“Research has shown that visual learning theory is especially appropriate to the attainment of mathematics skills.” - Stuart Murphy
Lately I've been excited to learn more about the connections between visual literacy and learning particularly with respect to mathematics.
Again and again this year, I've read, heard and viewed discussions about the power of visual models when learning mathematics:
- I watched this Tedx video: "Teaching Without Words"
- Maureen Yoder explained the role of "hands-on observations . . . intuitions, conceptual thinking, and visual imagery" in Einstein's education as explained in Einstein: His Life and Universe by Walter Isaacson at the MassCue Conference.
- Steve Jobs relayed in his Stanford Commencement Speech how his experience studying calligraphy in college impacted his work at Apple.
- David Wees regularly questions, describes and blogs about the role of visual imagery in mathematics, and readily responds to educators' questions and needs.
- John Medina describes the role of visual imagery in his presentation, Brain Rules for Presenters noting that "vision trumps all other senses."
- At MassCUE, a research team from the University of Massachusetts presented 4Mality noting that children chose the visual coach most often when utilizing this web-based problem solving program.
- David Wedaman (@wedamen) sent me a link to another cognitive education site related to math which again emphasized visual literacy.
Yet the rainbow model misrepresents the relative distance between the factors. Is this important? What would a model look like that represents the relative distance.
As we discussed this with greater depth, we realized that the relative distance between factors for all composite numbers takes a similar shape? Is this important?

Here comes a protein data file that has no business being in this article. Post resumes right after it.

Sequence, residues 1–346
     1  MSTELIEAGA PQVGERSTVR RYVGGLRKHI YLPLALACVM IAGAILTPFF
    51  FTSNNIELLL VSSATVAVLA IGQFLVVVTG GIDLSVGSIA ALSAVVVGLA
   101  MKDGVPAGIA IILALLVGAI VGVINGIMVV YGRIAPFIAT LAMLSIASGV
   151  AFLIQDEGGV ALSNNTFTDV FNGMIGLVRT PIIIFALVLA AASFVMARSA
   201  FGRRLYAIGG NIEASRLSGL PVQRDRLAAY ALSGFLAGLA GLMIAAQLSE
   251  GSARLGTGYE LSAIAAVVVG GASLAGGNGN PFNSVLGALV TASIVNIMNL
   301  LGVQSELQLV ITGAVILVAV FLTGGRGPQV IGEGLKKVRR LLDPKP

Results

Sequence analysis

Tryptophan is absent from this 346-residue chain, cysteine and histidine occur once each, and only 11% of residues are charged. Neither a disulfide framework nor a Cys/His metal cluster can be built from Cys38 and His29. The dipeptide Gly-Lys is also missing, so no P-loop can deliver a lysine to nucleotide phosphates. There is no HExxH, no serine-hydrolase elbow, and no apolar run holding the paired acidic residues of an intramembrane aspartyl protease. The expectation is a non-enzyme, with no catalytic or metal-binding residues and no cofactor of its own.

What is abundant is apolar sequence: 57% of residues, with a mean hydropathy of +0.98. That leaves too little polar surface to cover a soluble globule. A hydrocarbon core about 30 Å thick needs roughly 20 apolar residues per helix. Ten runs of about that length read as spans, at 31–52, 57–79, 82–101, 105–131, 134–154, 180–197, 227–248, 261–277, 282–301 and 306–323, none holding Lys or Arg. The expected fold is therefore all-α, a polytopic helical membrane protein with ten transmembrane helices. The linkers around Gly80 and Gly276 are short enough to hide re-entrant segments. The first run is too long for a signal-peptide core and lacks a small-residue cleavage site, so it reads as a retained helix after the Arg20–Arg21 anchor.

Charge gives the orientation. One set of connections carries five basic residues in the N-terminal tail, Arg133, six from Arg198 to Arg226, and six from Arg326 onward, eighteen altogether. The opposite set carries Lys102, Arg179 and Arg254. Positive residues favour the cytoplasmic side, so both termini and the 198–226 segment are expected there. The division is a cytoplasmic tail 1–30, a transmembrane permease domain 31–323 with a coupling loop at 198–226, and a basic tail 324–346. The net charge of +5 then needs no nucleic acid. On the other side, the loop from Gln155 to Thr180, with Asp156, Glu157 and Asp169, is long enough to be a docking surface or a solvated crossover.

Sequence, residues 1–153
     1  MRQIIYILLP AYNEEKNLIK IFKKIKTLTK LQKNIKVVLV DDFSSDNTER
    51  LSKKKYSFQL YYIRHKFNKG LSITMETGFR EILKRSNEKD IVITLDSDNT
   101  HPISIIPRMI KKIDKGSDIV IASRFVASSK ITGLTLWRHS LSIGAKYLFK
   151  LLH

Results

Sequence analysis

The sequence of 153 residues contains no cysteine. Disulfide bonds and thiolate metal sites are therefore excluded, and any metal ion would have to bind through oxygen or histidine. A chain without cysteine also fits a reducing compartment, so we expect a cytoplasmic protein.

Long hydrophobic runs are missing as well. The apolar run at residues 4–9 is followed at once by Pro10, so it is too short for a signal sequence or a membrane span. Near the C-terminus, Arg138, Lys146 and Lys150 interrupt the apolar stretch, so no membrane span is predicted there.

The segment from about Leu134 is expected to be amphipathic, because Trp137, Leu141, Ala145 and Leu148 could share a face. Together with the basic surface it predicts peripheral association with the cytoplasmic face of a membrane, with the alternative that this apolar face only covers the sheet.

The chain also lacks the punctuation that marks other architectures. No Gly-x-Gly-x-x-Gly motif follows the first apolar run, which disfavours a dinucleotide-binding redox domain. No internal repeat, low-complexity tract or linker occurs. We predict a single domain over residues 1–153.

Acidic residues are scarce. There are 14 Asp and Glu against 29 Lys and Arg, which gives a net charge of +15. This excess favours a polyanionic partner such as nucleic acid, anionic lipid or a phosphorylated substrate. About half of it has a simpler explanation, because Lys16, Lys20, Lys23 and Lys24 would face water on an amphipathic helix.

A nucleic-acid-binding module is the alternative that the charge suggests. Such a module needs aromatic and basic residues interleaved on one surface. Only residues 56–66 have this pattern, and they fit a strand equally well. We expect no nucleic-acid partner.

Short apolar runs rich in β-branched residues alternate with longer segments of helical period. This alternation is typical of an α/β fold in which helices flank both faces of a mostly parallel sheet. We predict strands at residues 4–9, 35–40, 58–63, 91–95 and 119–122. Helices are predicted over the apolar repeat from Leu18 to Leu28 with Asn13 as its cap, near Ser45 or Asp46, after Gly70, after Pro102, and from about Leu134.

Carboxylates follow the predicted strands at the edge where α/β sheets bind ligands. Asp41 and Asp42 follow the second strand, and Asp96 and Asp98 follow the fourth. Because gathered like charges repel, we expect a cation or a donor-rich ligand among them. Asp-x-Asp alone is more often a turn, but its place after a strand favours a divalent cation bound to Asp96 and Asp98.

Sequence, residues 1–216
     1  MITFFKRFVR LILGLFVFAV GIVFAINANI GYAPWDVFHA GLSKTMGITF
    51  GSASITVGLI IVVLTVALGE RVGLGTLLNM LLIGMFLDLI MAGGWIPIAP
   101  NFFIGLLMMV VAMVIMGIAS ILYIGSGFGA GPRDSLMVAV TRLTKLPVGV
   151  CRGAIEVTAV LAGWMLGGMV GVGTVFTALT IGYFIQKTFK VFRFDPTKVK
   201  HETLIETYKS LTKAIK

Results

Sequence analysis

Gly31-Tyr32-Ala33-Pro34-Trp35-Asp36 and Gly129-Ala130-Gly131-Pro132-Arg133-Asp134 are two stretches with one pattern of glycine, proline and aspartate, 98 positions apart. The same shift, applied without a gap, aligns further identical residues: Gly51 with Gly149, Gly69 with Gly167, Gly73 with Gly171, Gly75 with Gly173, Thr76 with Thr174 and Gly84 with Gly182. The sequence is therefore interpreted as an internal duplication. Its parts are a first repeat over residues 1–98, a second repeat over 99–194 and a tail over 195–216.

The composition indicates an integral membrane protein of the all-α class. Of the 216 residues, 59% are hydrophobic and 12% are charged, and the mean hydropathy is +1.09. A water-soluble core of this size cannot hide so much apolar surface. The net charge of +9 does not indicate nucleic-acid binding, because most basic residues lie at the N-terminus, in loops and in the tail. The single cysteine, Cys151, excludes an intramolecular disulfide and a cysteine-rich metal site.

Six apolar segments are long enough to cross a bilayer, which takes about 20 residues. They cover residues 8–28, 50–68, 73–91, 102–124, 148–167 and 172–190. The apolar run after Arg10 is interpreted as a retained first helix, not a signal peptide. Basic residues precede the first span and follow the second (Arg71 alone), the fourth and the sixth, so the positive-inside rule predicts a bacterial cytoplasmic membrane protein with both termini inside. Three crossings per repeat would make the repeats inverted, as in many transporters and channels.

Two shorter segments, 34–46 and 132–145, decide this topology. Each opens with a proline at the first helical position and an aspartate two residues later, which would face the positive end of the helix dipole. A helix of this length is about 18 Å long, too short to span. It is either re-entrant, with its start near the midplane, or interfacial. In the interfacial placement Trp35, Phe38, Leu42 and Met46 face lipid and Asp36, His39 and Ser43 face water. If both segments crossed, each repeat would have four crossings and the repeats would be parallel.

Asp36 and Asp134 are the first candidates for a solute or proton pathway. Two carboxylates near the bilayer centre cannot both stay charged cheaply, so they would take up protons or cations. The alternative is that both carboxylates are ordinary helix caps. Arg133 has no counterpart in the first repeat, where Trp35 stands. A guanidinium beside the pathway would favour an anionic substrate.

Over the weekend, I considered the models with greater depth, and wondered about the following questions.
- Does a number line that only demonstrates factor pairs misrepresent the notion of what a factor pair represents: a number shown as the sum of equal groups? Or is relative distance an important concept to convey?
- Should I give more time and attention in the Number Posters project to exploring visual models by allowing students to play around with the many, many ways a number can be visually represented?
- How will math instruction change and evolve given our current knowledge about the power of visual imagery?
- Will teachers at every level begin to employ more and more visual models to efficiently and comprehensively relay the meaning of math concepts?
I decided to add more time to the project for visual model making. I played around with it myself so that I could model this activity for students. This is what I came up with for 12.
I noted while making these models that this activity will strengthen students ability to grasp fractions, area and perimeter when we focus on those concepts.
Where will this exploration take us? What are your thoughts with respect to integrating visual models into your math lessons? How much time do you take to allow students to draw and explore math concepts with models? In what ways will we bolster this aspect of mathematical understanding?
As an elementary school teacher, I am continually evolving my approach to instruction based on the latest research. I look forward to your links, thoughts and ideas with respect to this investigation. Thanks for your consideration.
Additional Visual Resources for Math: